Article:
Abstract

The purpose of this study was to evaluate the alteration in surface characteristics after orthodontic debonding of two types of porcelain systems commonly used in prosthetic dentistry. For this purpose, porcelain specimens were fabricated from low-fusing (n = 20) and high-fusing (n = 20) porcelain. The baseline surface roughness, color, and gloss were evaluated using profilometry, color shade index, and gloss study. All specimens were bonded with brackets and debonded using a testing machine at a rate of 0.1 mm/minute crosshead speed. The porcelain surfaces were polished using a 12-fluted carbide composite removal bur (low-fusing, n = 20; high-fusing, n = 20). In addition, half of each porcelain group was further polished using a series of Sof-Lex discs (low-fusing, n = 10; high-fusing, n = 10). The postdebond porcelain surface characteristics roughness, color, and gloss were reevaluated and compared with baseline measurements. The results were analyzed with two-way analysis of variance and Tukey multiple comparisons test, with porcelain type (low-fusing or high-fusing) and polishing protocol (carbide bur or carbide bur and discs) serving as discriminate variables at α = 0.05 level of significance. Bonding and debonding increased all roughness parameters tested; however, no change was revealed between the two polishing protocols. Similarly, gloss and color index changes were significantly altered after resin grinding, regardless of the polishing method used. No difference was identified between the two porcelain types with respect to roughness, color index, or gloss. Orthodontic bonding alters the porcelain surfaces, and postdebond polishing does not restore the surface to the prebond state.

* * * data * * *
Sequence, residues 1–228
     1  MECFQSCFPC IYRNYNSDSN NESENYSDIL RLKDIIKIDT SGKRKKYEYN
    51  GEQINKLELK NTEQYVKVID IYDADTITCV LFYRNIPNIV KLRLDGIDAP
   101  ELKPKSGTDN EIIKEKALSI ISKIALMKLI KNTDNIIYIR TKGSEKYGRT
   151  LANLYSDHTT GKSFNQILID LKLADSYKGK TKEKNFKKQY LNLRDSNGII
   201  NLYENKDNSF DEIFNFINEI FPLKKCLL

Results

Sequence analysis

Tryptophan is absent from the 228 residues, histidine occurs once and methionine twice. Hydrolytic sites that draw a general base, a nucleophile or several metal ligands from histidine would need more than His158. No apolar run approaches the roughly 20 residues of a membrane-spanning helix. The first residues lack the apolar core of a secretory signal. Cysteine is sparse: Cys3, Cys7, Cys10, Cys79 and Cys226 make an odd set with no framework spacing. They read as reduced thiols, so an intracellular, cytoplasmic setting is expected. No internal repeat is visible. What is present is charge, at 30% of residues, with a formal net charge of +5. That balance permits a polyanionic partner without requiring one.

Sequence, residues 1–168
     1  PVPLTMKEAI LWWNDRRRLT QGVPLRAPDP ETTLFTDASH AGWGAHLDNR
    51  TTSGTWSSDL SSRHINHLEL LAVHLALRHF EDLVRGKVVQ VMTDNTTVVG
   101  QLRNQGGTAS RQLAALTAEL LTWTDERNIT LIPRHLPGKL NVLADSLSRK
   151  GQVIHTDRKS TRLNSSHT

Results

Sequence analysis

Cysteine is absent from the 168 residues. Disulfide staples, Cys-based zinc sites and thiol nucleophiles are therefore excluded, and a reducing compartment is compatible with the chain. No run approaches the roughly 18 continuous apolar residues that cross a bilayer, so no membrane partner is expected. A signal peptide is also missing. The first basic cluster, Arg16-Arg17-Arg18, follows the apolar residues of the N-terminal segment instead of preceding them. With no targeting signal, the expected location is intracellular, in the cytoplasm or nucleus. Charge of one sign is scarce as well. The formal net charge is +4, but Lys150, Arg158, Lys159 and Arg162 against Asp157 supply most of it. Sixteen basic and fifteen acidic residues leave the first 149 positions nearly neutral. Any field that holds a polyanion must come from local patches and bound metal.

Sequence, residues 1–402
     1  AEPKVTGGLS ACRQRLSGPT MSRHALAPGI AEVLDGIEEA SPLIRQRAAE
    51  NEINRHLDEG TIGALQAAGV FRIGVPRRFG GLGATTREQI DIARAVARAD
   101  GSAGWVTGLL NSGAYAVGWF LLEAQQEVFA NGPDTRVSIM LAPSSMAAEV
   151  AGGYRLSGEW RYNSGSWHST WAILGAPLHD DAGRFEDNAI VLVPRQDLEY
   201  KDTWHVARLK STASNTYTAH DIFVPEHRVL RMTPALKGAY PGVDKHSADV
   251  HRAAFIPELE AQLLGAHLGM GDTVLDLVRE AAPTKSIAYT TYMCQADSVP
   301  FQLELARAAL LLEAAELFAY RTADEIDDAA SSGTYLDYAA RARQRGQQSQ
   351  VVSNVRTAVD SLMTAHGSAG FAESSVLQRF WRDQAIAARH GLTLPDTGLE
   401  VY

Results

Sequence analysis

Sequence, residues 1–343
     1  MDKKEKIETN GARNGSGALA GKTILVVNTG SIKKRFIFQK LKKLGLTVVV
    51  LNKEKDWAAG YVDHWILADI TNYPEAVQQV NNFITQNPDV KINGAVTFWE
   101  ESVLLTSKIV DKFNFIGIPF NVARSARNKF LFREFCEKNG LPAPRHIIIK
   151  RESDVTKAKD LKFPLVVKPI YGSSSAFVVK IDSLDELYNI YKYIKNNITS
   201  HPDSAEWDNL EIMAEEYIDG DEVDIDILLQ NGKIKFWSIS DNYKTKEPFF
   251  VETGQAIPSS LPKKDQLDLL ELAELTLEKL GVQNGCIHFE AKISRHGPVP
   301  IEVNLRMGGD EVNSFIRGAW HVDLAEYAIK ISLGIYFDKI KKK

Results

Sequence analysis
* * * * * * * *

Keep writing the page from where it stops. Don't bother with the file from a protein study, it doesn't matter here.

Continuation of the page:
INTRODUCTION